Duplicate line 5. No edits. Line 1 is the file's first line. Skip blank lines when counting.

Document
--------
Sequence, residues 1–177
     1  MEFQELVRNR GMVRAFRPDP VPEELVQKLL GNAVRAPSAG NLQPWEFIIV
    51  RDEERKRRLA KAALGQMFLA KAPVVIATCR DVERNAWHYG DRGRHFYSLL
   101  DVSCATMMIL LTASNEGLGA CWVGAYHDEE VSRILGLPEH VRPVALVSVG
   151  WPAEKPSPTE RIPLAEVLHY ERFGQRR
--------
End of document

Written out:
   151  WPAEKPSPTE RIPLAEVLHY ERFGQRR